Confusion about foreclosed properties VS REO properties!

12 Replies

There are some websites that list properties for sale as Foreclosure.

Meanwhile I read that:

Foreclosures are NOT sold by Realtors. Foreclosure properties are auctioned at a Trustee Sale at the Court House in the County where the property resides. Foreclosure properties must be paid for in full, with a cashiers check at the time of the auction

Aren’t they supposed to be auctioned off at a court house and not in a website?

Or are they actually REO properties that are mistakenly listed as foreclosure?

Here is an example:

http://www.ziprealty.com/property/406-MCKELVEY-AVE-BAKERSFIELD-CA-93308/4914299/detail

Properties become "foreclosure properties" when a notice of default is recorded (in California).

The final step in the foreclosure process is the public auction on the courthouse steps (where the purchase is paid in full at the time of the auction via cashiers checks).

The lender will place the first bid. If no one outbids the lender, the property becomes owned by the lender (REO). At some point after this occurs, the REO will be listed by a real estate agent on the MLS, and may appear on websites for sale.

Right or wrong, the terms "foreclosure" and "REO" are commonly interchanged.

Originally posted by Brian Burke:

The lender will place the first bid. If no one outbids the lender, the property becomes owned by the lender (REO). At some point after this occurs, the REO will be listed by a real estate agent on the MLS, and may appear on websites for sale.

Right or wrong, the terms "foreclosure" and "REO" are commonly interchanged.

So technically speaking, what we see in that link is actually a REO and not a forclosure ?

If It's a " foreclosure property" and listed with an agent, it's an REO, or sometimes a short sale. People use the terminologies differently, and incorrectly, all the time.

Originally posted by Wayne Brooks:
If It's a " foreclosure property" and listed with an agent, it's an REO, or sometimes a short sale. People use the terminologies differently, and incorrectly, all the time.

Generally speaking correct except for the fact that this can not be a short-sale.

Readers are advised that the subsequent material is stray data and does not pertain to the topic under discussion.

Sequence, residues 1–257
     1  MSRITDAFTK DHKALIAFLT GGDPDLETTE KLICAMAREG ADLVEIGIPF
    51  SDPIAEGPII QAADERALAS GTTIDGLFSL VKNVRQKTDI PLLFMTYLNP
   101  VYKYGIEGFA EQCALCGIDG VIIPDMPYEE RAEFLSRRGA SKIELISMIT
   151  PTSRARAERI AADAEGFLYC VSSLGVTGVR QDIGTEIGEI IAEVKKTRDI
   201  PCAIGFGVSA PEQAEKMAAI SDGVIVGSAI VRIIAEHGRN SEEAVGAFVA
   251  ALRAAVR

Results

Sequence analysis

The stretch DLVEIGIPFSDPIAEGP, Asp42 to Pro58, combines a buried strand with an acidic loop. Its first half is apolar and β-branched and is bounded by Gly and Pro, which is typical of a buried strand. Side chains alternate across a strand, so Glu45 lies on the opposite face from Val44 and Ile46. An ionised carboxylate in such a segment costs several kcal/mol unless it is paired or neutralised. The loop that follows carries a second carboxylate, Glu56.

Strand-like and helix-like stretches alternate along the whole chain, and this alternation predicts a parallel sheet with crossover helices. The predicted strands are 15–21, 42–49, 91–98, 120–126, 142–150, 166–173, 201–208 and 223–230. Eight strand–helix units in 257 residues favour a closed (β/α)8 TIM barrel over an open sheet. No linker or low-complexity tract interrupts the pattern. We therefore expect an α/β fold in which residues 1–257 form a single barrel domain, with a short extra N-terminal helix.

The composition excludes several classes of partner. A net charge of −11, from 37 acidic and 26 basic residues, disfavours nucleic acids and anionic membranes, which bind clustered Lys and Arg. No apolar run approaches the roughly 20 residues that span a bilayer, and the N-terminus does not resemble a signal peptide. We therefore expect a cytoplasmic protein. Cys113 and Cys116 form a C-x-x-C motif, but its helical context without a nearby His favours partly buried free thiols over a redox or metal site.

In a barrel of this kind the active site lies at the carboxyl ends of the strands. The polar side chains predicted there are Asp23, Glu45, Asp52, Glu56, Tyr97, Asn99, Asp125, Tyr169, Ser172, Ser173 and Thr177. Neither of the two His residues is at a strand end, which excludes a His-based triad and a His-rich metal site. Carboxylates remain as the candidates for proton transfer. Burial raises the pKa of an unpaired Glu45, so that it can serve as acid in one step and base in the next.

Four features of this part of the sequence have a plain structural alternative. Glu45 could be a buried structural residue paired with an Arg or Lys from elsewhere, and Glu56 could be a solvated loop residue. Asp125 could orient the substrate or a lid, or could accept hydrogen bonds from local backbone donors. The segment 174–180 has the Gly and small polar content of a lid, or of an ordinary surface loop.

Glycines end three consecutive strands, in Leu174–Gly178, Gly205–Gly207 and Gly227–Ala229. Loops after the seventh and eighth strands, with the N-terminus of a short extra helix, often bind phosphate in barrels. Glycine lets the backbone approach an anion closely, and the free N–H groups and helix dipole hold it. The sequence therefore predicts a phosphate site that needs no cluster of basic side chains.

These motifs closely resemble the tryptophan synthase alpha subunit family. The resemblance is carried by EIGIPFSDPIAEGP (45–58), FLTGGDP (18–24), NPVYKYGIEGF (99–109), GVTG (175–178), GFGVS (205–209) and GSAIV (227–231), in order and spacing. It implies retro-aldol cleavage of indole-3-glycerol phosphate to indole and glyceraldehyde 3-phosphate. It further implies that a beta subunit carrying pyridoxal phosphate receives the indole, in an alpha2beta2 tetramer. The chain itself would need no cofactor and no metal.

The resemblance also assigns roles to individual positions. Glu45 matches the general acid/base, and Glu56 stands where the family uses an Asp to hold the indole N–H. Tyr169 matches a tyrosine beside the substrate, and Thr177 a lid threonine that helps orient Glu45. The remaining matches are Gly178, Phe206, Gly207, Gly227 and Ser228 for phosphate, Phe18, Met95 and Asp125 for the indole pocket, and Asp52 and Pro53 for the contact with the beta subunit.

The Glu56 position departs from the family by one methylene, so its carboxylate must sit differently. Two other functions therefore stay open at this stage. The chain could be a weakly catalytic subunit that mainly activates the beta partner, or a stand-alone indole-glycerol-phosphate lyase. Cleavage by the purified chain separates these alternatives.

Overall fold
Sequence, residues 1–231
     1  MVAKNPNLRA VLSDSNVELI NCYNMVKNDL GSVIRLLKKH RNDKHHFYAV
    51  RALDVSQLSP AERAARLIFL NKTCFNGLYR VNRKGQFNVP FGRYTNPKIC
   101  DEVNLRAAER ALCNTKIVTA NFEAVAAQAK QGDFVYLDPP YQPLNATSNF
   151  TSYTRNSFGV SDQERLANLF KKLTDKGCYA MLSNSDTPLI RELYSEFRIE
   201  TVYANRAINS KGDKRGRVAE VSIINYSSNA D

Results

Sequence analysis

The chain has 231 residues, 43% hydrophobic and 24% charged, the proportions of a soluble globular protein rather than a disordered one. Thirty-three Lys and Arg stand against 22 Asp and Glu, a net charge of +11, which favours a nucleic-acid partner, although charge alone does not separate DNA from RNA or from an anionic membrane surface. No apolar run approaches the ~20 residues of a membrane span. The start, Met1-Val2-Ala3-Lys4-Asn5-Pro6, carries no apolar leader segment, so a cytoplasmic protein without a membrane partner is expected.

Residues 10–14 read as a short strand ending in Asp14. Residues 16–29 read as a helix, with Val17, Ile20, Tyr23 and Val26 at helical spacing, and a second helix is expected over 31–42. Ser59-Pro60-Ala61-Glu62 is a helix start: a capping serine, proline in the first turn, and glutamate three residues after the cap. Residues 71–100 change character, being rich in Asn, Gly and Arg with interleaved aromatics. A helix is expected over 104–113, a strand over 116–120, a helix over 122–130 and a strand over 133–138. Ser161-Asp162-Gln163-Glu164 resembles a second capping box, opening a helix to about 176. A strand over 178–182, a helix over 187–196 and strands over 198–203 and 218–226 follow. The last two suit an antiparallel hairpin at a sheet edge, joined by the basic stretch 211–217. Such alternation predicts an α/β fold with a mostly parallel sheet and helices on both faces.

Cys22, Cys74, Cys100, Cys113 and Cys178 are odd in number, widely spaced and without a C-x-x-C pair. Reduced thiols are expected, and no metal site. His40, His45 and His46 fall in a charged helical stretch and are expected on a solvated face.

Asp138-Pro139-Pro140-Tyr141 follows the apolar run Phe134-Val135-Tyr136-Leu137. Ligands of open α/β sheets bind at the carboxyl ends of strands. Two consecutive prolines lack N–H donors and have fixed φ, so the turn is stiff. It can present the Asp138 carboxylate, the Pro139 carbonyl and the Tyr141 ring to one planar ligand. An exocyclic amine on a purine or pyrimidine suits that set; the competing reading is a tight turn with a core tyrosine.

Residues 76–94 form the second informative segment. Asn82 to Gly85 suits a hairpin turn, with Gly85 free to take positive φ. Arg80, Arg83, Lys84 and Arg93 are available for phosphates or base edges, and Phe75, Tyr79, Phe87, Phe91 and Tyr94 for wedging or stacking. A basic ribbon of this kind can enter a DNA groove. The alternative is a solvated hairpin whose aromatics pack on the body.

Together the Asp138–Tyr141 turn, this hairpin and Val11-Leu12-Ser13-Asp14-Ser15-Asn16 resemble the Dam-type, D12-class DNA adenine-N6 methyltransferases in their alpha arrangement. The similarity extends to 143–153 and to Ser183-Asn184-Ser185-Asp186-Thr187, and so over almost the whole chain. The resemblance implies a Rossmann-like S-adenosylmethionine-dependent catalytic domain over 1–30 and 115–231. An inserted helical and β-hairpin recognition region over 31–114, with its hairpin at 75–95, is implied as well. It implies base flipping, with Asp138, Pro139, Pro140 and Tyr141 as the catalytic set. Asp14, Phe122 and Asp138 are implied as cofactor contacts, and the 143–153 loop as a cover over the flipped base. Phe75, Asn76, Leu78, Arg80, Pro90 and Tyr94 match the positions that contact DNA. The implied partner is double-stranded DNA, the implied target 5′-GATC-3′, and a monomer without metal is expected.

In a Short Sale situation, the home owner's name is still on title of the property and they are the official owners who are trying to sell the property. In a foreclosure, the lender takes possession of the house and as a result, the homeowner is no longer a party in the sale.

Alex,
I understand the difference.. Your question was about terminology. Agents/ companies intermingle the terminologies all the time. When you see someone advertising a " list of foreclosure properties for sale", they are referring to REO's. You should be able to figure the difference easily.

So the property is owned by the owner, until the lender bids on it, then the lender pays ... who? Itself? Why would the lender bid on it?

Originally posted by Dawn Anastasi:
So the property is owned by the owner, until the lender bids on it, then the lender pays ... who? Itself? Why would the lender bid on it?

The lender has already "paid" for it, by funding the loan originally, and paying the fees and interest for missed payments, and legal fees, and court costs, etc. The lender places a bid so that the next bidder bids high enough for the lender to recover as much of what the lender is owed as the lender is hoping to see.

Just to add to everything above, a lot of people try to stay away from the terminology "foreclosure," as it's very ambiguous (as you can see).

Generally, you'll hear "pre-foreclosure" for a property going through the foreclosure process but not yet sold at auction, "trustee" sale for a foreclosed property being sold at auction and REO for a foreclosed property that didn't sell at auction and is now being sold by the lender in an open-market sale.

Originally posted by J Scott:
Just to add to everything above, a lot of people try to stay away from the terminology "foreclosure," as it's very ambiguous (as you can see).

Generally, you'll hear "pre-foreclosure" for a property going through the foreclosure process but not yet sold at auction, "trustee" sale for a foreclosed property being sold at auction and REO for a foreclosed property that didn't sell at auction and is now being sold by the lender in an open-market sale.

Interesting point J Scott